By Brian Feinzimer
By Charles Lam
By Joel Beers
By LP Hastings
By Dave Barton
By LP Hastings
By Joel Beers
A Gaggle of Haggles
Antique and flea markets are the only way I could ever afford to furnish my apartment, not that I mind. Vintage pieces always add a nice personal touch to any place, especially in juxtaposition with that bargain-basement-priced particle-board stuff from IKEA and Craigslist. Besides, where else are you going to run into that Snoopy snow-cone machine again? Or the perfect midcentury credenza for your entryway that’s actually affordable? Or the entire Baby-Sitters Club book series for $20?
Orange County and Long Beach offer a good selection of realistically sized antique markets, but without the Los Angeles crowds, parking situations and prices. Many consider the monthly gigantor Rose Bowl Flea Market (second Sunday of the month, if you’re ever feeling brave enough) extravaganza to be the mecca for antiques and vintage enthusiasts. The problem? It’s just too fucking big. It may be one of the most famous antique markets in the world, but with more than 2,500 vendors, it’s hardly manageable. Many of the OC sales are juuuust right, with a feasible amount of booths that you can comb over in a single morning.
A few tips:
Haggle—in fact, be heartless. Chances are, they’re giving you a run for your money anyway. Start low and negotiate fast, but also be prepared to meet the seller in the middle. Pretend to walk away if you have to. I recently picked up two matching upholstered barstools with curlicued iron backs from the 1960s at the Long Beach Antique Flea Market for $30 each—the seller started at $200 for the pair. Even they know when they’re marking things up to unrealistic heights.
Be prepared to do some fixin’ up. Some items that would otherwise be perfect might need a little bit of work: A new coat of paint, some new legs, and/or some reupholstering (not necessarily always requiring a professional job; sometimes some fabric, sheets of foam and a staple gun will do the trick), and it’ll look like new. Just try to take into consideration the cost of repairs when bargaining.
Get up early. I know, I know, it sucks. But it’s really the only way to get first dibs on the good stuff.
Bring water—especially in these summer months—and your patience. Some trips might be a total bust, while others might almost make you wish you owned a SUV.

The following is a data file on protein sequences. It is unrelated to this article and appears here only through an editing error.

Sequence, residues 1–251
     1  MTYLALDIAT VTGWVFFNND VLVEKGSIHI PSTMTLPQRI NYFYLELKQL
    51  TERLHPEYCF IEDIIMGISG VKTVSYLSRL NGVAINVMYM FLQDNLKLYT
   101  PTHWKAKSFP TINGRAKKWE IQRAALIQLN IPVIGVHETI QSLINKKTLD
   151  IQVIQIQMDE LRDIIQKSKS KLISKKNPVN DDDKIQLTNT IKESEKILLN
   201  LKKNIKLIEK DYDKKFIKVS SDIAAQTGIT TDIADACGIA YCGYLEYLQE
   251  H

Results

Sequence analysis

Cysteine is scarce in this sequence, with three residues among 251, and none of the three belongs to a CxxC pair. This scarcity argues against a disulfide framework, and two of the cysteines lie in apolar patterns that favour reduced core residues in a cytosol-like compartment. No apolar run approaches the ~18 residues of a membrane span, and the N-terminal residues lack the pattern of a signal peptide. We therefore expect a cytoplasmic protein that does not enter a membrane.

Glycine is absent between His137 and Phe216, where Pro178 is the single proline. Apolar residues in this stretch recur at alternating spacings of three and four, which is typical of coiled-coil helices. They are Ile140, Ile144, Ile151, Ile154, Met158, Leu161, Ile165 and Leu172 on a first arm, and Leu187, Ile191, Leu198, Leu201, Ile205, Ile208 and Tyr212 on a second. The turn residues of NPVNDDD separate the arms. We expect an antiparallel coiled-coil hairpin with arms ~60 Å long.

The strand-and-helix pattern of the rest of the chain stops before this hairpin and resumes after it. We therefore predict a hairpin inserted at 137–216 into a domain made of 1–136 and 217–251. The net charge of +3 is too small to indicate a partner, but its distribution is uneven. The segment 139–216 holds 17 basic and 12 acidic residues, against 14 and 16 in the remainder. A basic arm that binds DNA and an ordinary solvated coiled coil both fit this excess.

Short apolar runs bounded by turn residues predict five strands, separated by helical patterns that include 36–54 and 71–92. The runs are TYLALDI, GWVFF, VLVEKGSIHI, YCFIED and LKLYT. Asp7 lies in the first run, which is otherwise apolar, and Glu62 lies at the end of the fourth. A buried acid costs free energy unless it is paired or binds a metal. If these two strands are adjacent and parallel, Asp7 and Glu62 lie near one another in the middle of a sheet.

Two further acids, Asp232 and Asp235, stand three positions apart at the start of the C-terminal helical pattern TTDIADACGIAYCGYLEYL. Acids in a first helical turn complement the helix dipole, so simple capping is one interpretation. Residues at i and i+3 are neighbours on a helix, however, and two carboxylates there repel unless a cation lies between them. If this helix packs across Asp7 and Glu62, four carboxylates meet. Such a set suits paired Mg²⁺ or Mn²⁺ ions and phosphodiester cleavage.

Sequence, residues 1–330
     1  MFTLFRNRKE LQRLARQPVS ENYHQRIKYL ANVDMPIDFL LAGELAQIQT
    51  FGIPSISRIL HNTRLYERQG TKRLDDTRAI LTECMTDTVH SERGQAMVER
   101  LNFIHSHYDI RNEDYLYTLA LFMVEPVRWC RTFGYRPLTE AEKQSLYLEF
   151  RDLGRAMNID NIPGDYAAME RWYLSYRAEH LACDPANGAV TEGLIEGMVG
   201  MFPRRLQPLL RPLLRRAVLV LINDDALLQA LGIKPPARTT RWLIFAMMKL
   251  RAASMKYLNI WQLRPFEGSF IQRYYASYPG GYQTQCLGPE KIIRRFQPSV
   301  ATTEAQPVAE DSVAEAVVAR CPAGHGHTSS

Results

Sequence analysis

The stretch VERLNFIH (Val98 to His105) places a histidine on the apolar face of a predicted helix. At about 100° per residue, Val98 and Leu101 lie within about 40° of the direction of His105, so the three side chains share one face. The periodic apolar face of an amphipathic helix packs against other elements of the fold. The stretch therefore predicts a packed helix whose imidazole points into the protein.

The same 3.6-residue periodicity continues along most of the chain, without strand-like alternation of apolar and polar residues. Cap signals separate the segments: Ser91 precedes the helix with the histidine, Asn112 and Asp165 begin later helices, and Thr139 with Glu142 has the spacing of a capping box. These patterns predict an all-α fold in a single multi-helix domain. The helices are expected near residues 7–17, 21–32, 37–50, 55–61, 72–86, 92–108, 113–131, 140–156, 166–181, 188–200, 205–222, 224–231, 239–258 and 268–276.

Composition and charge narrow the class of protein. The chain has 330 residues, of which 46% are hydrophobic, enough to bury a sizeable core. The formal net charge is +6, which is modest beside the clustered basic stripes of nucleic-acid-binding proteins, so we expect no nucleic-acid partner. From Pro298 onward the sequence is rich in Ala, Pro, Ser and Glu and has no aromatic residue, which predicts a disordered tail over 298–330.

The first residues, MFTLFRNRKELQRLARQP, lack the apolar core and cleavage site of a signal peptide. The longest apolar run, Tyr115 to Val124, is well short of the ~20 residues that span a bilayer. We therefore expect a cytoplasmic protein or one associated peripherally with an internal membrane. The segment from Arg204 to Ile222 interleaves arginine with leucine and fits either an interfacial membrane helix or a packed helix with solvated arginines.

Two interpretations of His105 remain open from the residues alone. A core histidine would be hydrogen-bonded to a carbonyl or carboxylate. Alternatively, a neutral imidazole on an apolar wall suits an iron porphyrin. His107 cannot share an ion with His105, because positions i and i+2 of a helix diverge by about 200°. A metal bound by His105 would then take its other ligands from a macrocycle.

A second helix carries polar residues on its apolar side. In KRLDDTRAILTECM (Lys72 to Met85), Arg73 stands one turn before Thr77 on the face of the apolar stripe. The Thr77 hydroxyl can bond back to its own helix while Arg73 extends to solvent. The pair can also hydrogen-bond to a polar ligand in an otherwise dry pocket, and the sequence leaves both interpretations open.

Bring cash. Most vendors are cash-only, but some are equipped with credit-card machines, while others will accept personal checks. ATMs are usually set up just outside the markets, though—just watch out for that usage fee.
A list of my favorite treasure-laden antique markets and swap meets:
Long Beach Antique Flea Market
My favorite of them all. On the third Sunday of every month, I wake up at 6 a.m., down some caffeine and make the short trek up the 405 to Long Beach Veterans Stadium. This market features more than 800 dealers spread out over 20 acres, and they’ve got everything: clothing, jewelry, Fiestaware, 10-speed bikes, furniture. You know all those cool little antique shops on Fourth Street in Long Beach? You’ll find everything you can find there at the Long Beach Flea Market, but for a fraction of the cost.
My prized piece was obtained here: An old library-card catalog procured from the Santa Ana Public Library for $120. On eBay, those suckers go for as much as $900 . . . not including shipping.
Bonus: Visit the website to sign up for the mailing list that e-mails you an admission-discount coupon every month.
An extra-creepy bonus: The couple manning the booth that sells nothing but Nazi paraphernalia. Anybody looking for Eva Braun’s hairbrush? Long Beach Veterans Stadium, 5000 Lew Davis St., Long Beach, (323) 655-5703; www.longbeachantiquemarket.com. Every third Sun. of the month, 5:30 a.m.-3 p.m. $5-$10.
Orange Coast College Swap Meet
So this might be considered more of a swap meet than an antique fair, but it’s got enough of everything—used and new—to satisfy your needs. You need a fuzzy lavender steering-wheel cover? Carnitas? OPI nail polish? A new litter box? Turkey jerky? Chuck Taylors for $25?
And for those of you who prefer furniture you can be sure that no one has died on, there are tons of vendors selling brand-new furniture sets.
The boyfriend always beelines for the vendor with the $5 vintage Wrangler flannels (they all look the same after about your 20th one, but he insists otherwise); I love the massive $2 Churros. 2701 Fairview Rd., Costa Mesa; www.orangecoastcollege.com. Every Sat.-Sun., ?8 a.m.-3 p.m. Free.
The Mercantile Flea Market
It’s still relatively young, and Fullerton’s Mercantile Flea Market is also still relatively unknown—which means all the more crap for you to go through!
In addition to antique and vintage goods, the market includes one-of-a-kind creations from artisans, which makes it a great go-to destination for gifts. 115 S. Harbor Blvd. (at Commonwealth), Fullerton, (714) 680-9882; www.fullertondowntown.com. First Sat. of the month, 10 a.m.-3 p.m. Free.